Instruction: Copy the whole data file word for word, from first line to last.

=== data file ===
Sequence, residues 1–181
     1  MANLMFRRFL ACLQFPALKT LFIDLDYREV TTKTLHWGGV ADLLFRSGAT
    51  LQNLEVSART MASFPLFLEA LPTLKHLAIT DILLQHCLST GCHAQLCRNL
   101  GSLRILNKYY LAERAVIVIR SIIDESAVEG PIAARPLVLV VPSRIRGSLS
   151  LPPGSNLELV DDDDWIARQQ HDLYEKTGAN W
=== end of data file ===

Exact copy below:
Sequence, residues 1–181
     1  MANLMFRRFL ACLQFPALKT LFIDLDYREV TTKTLHWGGV ADLLFRSGAT
    51  LQNLEVSART MASFPLFLEA LPTLKHLAIT DILLQHCLST GCHAQLCRNL
   101  GSLRILNKYY LAERAVIVIR SIIDESAVEG PIAARPLVLV VPSRIRGSLS
   151  LPPGSNLELV DDDDWIARQQ HDLYEKTGAN W